Open days at the European Institutions

Around 9 May every year, the European Institutions run an Open House event. If you’re in Dublin, you’ll find some events (this year food related) on the nearest work day (which on this occasion was Friday 8 May). If you can go to Brussels, and have an interest in the European institutions, it’s worth a trip.

Via Facebook, I was sent the SCIC agenda for the day. SCIC is that part of the European Commission which is responsible for conference and meeting organisation, and, for my purposes, the interpreting service. There were a few discussions on the table which I wanted to hear, and there also was an opportunity to hear a few Commissioners speak. We hear a lot about how distant Europe is and, if you never seek it out, it can be.

What struck me most about the day is this is something we could do in Ireland in some respects as well, not just from a European perspective, but from a civic interest in our country perspective.

A couple of talks stood out for me. I was impressed with Maroš Šefčovič’s discussion on energy policy unity. Marianne Thyssen also spoke comprehensively about youth unemployment. Both Commissioners took questions from the floor and in particular, an organisation with a specific interest in youth unemployment in Belgium took the opportunity to engage directly with Ms Thyssen. This is the sort of access which is often really not possible and yet I think there is a lot to be said for it.

However, possibly one of the more important ones was the presentation on the European budget. The budget for the European Union as a whole, is 145 billion euro. This compares very well to most national budgets (it’s less, for example, than the budget for Belgium itself). One of the key points this presentation highlighted is that we do not really know enough about how Europe works. I’d tend to agree with this for various reasons and I’ve wondered how we fix this when people are unwilling to recognise the difference between Europe, the European Union, The European Commission, The European Parliament, and the different pieces which make up the jigsaw.

Apart from that, the question of machine translation and the possibility of automated interpreting were discussed. As someone with more than a passing interest in both, I found those two presentations interesting although I had expected something different from the interpreting. In simple terms, we are closer to automated translation than to automated interpreting, and this does not surprise me based on my knowledge of artificial intelligence in both fields. A lot more work is required for voice/language recognition to even get automated interpreting off the ground and although there have been signal advances in machine translation, arguably, it is still somewhat limited in quality terms. It is very heavily dependent on a body of translation done and corrected by humans. Much of that is linked to our approach to natural language processing.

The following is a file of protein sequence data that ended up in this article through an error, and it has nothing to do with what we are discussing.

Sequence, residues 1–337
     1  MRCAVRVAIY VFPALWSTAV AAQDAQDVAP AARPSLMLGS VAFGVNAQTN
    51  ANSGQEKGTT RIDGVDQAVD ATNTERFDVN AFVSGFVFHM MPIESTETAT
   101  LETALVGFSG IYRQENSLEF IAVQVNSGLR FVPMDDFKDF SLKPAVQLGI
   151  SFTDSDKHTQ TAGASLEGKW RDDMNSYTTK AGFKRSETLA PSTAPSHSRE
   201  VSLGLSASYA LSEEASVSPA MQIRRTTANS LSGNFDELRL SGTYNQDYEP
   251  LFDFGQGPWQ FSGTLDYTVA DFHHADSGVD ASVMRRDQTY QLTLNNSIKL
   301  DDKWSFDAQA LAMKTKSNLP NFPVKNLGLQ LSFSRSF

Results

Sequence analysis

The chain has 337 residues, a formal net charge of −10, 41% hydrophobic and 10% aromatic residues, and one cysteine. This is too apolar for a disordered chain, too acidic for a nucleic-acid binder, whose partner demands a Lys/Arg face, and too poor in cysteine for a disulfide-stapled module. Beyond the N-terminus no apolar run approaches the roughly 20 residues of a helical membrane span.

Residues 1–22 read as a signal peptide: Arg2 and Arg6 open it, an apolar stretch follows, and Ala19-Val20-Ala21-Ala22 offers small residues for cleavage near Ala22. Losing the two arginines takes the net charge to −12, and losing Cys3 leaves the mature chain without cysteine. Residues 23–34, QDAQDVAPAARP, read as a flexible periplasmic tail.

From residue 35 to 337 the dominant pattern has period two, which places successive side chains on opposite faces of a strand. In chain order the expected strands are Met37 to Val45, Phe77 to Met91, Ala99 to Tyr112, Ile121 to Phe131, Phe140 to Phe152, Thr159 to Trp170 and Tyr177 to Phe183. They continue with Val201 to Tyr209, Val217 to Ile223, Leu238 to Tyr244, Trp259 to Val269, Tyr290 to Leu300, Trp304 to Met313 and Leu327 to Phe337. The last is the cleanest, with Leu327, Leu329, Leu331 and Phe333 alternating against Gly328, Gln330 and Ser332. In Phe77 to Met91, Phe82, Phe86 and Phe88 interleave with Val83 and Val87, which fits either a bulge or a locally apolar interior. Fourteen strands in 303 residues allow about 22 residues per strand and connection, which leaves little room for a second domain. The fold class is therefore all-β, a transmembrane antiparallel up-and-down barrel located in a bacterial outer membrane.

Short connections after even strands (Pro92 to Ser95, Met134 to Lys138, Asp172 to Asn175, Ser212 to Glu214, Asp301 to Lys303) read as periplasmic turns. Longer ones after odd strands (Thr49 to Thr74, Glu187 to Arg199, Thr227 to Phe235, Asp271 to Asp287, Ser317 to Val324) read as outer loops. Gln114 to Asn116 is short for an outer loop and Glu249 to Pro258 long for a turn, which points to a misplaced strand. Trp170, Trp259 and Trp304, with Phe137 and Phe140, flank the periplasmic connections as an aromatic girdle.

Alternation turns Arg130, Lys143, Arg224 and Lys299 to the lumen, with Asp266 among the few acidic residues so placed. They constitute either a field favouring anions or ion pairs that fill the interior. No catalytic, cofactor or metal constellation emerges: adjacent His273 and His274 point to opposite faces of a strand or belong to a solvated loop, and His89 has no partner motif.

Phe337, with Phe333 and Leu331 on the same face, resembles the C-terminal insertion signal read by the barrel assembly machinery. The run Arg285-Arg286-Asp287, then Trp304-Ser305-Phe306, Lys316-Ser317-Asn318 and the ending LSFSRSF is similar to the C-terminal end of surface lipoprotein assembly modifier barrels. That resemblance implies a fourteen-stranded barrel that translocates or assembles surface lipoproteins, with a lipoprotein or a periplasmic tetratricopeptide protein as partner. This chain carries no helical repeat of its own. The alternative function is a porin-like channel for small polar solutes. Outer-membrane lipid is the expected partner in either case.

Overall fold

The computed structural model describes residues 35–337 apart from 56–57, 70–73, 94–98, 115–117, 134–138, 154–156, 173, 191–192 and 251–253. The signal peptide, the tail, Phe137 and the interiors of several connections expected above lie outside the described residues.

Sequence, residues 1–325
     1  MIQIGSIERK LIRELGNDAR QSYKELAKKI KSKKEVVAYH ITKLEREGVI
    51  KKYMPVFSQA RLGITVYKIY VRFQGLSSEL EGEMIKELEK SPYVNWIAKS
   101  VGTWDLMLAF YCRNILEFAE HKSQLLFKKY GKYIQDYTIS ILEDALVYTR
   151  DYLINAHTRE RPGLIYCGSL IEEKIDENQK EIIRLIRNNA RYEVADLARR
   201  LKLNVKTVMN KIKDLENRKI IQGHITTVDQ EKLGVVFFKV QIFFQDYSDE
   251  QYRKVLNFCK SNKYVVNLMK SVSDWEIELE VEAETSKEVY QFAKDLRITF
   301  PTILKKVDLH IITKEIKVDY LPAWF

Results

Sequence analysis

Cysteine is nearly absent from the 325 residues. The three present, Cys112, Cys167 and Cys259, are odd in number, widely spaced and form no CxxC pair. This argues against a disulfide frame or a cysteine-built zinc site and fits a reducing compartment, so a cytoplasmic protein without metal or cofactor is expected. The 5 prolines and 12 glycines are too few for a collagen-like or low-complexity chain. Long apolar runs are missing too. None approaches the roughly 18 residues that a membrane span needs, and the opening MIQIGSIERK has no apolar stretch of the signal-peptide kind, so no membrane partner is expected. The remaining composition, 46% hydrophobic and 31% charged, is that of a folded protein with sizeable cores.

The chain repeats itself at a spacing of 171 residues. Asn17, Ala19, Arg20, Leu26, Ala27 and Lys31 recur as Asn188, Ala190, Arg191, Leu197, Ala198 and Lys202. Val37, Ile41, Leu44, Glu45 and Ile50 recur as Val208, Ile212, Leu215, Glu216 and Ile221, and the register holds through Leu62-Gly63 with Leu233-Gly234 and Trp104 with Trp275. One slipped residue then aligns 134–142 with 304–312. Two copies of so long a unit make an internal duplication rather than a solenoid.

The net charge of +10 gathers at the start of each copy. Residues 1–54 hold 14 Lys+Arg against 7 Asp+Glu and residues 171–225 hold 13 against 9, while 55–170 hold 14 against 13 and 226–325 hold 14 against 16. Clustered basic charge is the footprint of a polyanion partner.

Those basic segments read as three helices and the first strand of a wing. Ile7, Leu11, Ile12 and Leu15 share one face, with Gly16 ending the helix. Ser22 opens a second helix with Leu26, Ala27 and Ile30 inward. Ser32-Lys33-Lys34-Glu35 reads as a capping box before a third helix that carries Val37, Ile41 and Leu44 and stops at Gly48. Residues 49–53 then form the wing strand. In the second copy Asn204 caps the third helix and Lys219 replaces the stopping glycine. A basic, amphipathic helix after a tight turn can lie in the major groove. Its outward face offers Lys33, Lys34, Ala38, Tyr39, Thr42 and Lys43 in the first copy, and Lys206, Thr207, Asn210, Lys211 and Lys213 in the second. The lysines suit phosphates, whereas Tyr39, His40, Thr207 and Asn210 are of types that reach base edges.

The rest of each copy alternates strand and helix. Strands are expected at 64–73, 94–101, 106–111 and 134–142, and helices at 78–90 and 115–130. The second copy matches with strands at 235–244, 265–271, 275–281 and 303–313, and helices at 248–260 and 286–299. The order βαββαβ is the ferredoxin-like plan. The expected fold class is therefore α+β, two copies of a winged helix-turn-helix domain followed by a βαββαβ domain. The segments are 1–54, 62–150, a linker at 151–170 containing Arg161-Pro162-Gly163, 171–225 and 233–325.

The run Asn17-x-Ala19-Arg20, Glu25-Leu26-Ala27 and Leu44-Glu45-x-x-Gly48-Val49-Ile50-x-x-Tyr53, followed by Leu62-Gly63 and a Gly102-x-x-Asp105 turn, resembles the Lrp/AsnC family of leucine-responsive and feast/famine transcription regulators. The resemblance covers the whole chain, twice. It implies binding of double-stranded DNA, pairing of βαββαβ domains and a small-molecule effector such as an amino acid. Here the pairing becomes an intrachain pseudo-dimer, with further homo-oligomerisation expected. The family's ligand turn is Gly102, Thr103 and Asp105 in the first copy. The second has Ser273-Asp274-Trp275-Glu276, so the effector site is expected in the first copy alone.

The presentations were in a number of languages and SCIC had a couple of teams of interpreters on hand to handle the meetings and presentations. Without wanting to go into that detail too much, they provided language channels in French, German, English and Dutch, and accepted speaker input in Latvian and Slovakian in addition. The conference room in question, the Schuman Room in the Berlaymont which is that iconic EU building which has been in geography school books since the 1980s, is a gorgeous room to work in (you can trust me on this), and they opened up 9 interpreting booths for people to have a go. If you know anyone who has even the remotest interest in interpreting, it is a golden opportunity. I did it although strictly speaking, I already knew how it was going to go. Which is basically fun.

Apart from the conference stuff, in the Commission, every DG had a stand with information. If you wanted to collect informative leaflets, books, and other bits and bobs, it was terrific. I was limited by hand luggage considerations so didn’t go completely wild. I favoured Eurostat’s publications however.

This was all the European Commission. It’s worth knowing that a 10 minute walk away, the European Parliament was running events for the day and across the road, the Council of the European Union had opened up access as well. I just didn’t have time to do it all.

I think there’s a lot to be said for events like this; events which open up access for European citizens. I found it interesting and informative, and it offered experiences that I think would benefit most young Europeans.